Prior to 1887

Character homes, painted poles, and the small, yet vibrant community square typically spring to mind when someone mentions Fernwood, making it hard to believe that before development and colonization this unique community was once a part of a trail towards the inner harbour and a subsistence “food forest” for indigenous peoples, ranging from the Kosampson, Swengwhung, Chilcowitch and the Chekonein (Ellis, 1989). During the October and November months of the year travelling on the coast became difficult, so the indigenous peoples used a trail –which cut through Fernwood– to what became Fort Victoria. While walking, women made mental notes of what was growing along this undeveloped trail. With this knowledge women would begin harvesting food plants of the area in March, ranging from “blue camass, rushes and wild carrots (the wild caraway)” (Ellis, 1989, pp. 12-13).

The arrival of James Douglas and his companions marked a change in Fernwood’s land use. Development began, and colonists began to build their humble abodes in the area; One man being the “Father of Fernwood”, Benjamin William Pearse, who built the Fernwood Manor in 1861 (Ellis, 1989). Also, with the greater influx of people, Fort Victorians became concerned with having an adequate water supply that would last. It was J.D Pemberton’s discovery that would transform Fernwood and the area where Spring Ridge Commons lies today. Two main springs were discovered within 300 feet of each other, near Spring Road and Princess Street, and another claimed by local authorities to be near what we know of today as Ridge Road and Pembroke Street.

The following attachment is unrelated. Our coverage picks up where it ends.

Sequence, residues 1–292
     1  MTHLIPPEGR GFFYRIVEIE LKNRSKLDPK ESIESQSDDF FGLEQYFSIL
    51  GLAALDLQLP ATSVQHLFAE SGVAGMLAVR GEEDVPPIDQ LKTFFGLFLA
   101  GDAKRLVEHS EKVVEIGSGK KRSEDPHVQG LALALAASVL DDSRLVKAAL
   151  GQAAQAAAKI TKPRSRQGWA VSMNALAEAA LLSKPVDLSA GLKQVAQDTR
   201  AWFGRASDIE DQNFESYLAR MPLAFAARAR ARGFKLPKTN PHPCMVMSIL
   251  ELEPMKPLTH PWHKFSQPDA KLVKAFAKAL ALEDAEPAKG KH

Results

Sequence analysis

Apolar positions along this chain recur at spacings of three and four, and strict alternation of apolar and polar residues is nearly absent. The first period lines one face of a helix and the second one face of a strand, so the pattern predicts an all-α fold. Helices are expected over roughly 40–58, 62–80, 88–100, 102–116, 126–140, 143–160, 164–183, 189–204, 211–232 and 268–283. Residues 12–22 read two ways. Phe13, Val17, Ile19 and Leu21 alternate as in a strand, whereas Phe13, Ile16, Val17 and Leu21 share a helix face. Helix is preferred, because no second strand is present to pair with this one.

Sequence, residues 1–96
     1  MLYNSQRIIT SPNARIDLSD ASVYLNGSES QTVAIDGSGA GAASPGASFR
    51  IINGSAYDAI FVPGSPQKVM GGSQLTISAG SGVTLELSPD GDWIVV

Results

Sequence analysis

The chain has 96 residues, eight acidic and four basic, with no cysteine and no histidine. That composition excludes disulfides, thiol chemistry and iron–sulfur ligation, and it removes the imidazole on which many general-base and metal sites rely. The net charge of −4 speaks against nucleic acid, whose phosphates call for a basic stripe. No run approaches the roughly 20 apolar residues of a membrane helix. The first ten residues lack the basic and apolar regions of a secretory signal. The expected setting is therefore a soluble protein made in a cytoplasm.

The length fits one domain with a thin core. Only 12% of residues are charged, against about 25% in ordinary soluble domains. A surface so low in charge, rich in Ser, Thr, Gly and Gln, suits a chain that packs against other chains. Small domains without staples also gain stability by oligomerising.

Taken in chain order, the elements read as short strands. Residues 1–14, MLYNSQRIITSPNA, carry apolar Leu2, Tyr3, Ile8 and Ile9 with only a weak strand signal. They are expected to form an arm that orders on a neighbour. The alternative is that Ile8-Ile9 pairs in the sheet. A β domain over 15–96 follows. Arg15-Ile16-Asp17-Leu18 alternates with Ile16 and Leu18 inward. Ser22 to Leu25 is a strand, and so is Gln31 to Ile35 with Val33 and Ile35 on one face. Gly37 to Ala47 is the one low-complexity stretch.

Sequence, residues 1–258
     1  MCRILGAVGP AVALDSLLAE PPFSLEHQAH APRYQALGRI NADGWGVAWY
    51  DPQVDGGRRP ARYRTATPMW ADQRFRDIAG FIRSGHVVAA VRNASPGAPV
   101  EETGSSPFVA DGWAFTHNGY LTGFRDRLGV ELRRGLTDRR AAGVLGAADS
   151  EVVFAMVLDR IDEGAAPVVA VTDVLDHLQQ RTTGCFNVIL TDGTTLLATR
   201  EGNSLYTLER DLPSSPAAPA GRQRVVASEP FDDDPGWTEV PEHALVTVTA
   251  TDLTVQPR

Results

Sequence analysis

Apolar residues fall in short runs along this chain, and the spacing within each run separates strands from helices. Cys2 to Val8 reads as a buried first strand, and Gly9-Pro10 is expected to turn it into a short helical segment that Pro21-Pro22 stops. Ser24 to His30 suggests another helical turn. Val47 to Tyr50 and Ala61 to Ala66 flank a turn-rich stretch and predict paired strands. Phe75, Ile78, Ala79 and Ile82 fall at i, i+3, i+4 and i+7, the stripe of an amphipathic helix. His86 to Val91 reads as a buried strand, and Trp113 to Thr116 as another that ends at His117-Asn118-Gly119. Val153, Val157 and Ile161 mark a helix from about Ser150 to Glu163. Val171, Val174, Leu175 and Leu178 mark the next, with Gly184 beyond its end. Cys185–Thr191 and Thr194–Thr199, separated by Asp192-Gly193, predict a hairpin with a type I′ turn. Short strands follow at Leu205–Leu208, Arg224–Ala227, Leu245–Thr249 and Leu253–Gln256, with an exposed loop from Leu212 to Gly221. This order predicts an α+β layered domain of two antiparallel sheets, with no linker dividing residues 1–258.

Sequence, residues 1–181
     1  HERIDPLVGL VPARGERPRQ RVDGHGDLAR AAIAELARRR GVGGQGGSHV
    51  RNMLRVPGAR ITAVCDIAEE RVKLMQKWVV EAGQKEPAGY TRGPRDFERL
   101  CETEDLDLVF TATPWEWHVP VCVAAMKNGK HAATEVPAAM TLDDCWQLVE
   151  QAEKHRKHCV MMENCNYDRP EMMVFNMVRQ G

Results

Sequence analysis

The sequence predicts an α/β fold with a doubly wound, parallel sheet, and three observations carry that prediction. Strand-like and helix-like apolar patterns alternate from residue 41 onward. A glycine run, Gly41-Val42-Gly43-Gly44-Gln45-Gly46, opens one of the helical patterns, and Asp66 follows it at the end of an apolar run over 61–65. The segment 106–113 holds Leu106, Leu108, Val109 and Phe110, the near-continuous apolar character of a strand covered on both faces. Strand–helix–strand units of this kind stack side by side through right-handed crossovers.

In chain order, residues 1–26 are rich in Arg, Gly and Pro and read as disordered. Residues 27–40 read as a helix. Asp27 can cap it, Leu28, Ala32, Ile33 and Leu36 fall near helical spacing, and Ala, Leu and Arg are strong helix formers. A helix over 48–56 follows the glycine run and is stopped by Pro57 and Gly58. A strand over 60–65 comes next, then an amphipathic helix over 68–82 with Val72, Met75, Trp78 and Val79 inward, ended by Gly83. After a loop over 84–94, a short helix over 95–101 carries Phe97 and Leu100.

The springs became a free local public water supply since their discovery, and declared a public reserve by Governor James Douglas in 1858 (Ellis, 1989). As exciting as this discovery might have been, its perks would not remain for the inhabitants of Victoria at the time.

1861 marks the year of private ownership of the springs, where resistance arose from HBC’s willingness to sell. The Spring Ridge Water Company was created after the passing of a legislative bill in June 1866 (Ellis, 1989). When Elk Lake became the main water supply the spring sites became gravel pits, and eventually sites for development.

The Lion/Empire Brewery was situated in the Spring Ridge area from about 1862 to May 1887 when it was burned down. Then, in 1887 a school was built on the site we know today as Spring Ridge Commons; first being called Fourth Ward School, and eventually becoming Spring Ridge Ward School.

“The windows looked out on a narrow lane and board fence. A lone tree stood on the grounds with no other vegetation to be trampled by eager young feet at play.” (Ellis, 1989, p. 68)


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